by C. R. de Sepulveda
Spanish article, early 1972
On the 31st December 1971, New Year's Eve, a young man, who still had not reached his thirtieth birthday, took his own life in his apartment in the city of Los Angeles. He had been born in Rochester, New York State, and was the son of Dr Ellsworth Deuel and of Lillian Ellstrom. What was the cause of his death? Loneliness? Weariness? Anxiety? Perhaps a little of all of them. He had a wife, a brilliant career ahead of him and at the time when he fired the shot which ended his young life, he was known over more than half the globe, thanks to his original portrayal of the character, Hannibal Heyes in the TV series, 'Alias Smith and Jones', known to us under the title of "Los Dos Mosqueteros!" Duel's funeral service took place the day following his death and to this ceremony came the young Hollywood actors, a generation that knows that the era of big Hollywood stars is over and for such reasons, prefers to be actors, men who complete a job, rather than golden pawns, knocked about by the TV industry for as long and as much as they are attracting good money. And then there was the sad notice that moved everyone at the funeral, that the interment was for the following day and - as the series was in the middle of a shoot- on that afternoon, a new actor was in place as a substitute for Peter Duel. An actor who, perhaps, without this unfortunate accident would never have achieved the principal role in such a cast. But as they say in America, "Business is business!" and they couldn't afford to lose time and money. The show would go on, but for the rest of the season, with a new principal actor however. And so, as life goes on and as the episodes that we are seeing now on "Siempre es Domingo/(It's always Sunday)" feature Peter Duel, we are going to review the series in this report and forget the sad event which has filled pages of special magazines. Pages in which in the end, there remained only one unanswered question, "Why?"

Two young men, who can't be bad.

Towards the end of the last century, there were two young men - whose story fills the episodes for this series, which is set in that time period - called Hannibal Heyes and Jed 'Kid' Curry, who made a name for themselves as dangerous men, drunkards, thieves, quarrelsome characters and if the situation was extreme, also killers. Heyes was the brains and Curry handled a revolver almost as well as "Billy the Kid". But it was an era of great change, technological innovations were becoming dominant throughout the world and the frightful 'Rule by the strongest' which in this case was 'Rule by the best gun-slinger' was becoming less prevalent. All of these circumstances made the profession of bank- and train-robber less profitable. "What to do next?" It was necessary to establish another way of life and this is the way what Hannibal Heyes and Jed 'Kid' Curry did it. They discussed their wish to make peace with the law with the 'sheriff and proposed reforming their ways. As the past histories of our two friends weren't exactly faultless, the governor in his role as upholder of the law imposed a severe condition on them. They were never to use weapons to solve any of their problems. So it was at that moment, on changing their names and being determined thenceforth to become honest cowboys, that the real adventures of 'Smith and Jones' began.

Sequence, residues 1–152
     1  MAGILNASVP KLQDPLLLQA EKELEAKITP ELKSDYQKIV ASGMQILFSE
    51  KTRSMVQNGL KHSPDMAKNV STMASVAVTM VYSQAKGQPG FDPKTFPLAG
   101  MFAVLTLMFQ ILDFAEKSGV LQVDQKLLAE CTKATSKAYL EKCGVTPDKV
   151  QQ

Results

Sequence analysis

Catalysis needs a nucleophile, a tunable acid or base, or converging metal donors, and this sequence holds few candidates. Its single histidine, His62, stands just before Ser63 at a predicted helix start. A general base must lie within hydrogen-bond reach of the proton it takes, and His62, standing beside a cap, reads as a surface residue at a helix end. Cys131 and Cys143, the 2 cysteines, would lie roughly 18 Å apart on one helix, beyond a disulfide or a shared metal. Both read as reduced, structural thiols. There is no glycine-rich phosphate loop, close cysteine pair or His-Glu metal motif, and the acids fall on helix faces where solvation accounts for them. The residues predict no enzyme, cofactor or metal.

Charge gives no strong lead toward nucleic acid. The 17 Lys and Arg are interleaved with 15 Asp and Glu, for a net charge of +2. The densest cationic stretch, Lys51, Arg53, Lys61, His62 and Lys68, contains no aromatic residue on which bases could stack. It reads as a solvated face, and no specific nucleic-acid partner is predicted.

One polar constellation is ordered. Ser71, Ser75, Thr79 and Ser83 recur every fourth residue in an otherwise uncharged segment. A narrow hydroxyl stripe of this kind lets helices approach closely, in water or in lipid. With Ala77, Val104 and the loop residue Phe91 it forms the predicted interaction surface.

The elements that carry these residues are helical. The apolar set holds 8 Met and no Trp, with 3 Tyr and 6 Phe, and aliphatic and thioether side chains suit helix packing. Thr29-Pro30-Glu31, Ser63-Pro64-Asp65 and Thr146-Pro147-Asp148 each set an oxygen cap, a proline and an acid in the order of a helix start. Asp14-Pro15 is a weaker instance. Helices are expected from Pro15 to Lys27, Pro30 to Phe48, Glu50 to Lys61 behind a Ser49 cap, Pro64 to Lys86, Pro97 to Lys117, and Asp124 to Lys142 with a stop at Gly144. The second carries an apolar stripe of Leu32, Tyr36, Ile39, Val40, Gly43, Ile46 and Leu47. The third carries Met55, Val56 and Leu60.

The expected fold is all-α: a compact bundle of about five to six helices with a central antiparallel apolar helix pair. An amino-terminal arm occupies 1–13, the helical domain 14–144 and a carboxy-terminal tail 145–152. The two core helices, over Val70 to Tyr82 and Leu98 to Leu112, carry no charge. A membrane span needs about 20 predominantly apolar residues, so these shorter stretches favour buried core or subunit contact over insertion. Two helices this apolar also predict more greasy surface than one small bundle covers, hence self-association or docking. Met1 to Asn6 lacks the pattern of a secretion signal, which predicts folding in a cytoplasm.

It is not however a 'western', neither is it a detective series, nevertheless it succeeds in meeting the most difficult requirements of the Hollywood industry as a product that meets market demand and is of interest to the audience. Smith and Jones don't shoot anyone and they don't kill anybody: they are two rogues who have to resolve their problems using their wits and this is precisely the greatest attraction of the series - the avoidance of violence through action and humour. It is, in truth an intelligent production, of which its creator, Roy Huggins says "It's a series about people who lived in the West and set in the West, but it's not a western; it's more a series of comic adventures , which take place in saloons between cowboys, bandits, gunmen and it could very well have happened... Why not? I'm one of those people who believe that it wasn't all bad and bloody, even in those difficult days of the conquest of the West." And he added, "This is the reason why we chose to depict a man who had an influential role in this way; the governor. This man, of progressive ideas, learns of the case of our two friends and decides to help them to rebuild their lives (something that is being tried with hundreds and hundreds of young men all over the world these days) leaving them at liberty, on condition that, for a reasonable probationary period, (probably the duration of the series) they don't get into further trouble. If everything goes well, the Amnesty Law will apply to them, so that they will have succeeded in earning the honorary title of 'decent citizens'."

Besides Peter Duel, who also appeared in the big-screen production, 'Cannon for Cordoba', the audience have also identified Ben Murphy, Kid Curry in the series, as the personal assistant, a sort of secretary and confidant to Dan Farrell and Robert Stack in the series "The Name of the Game."

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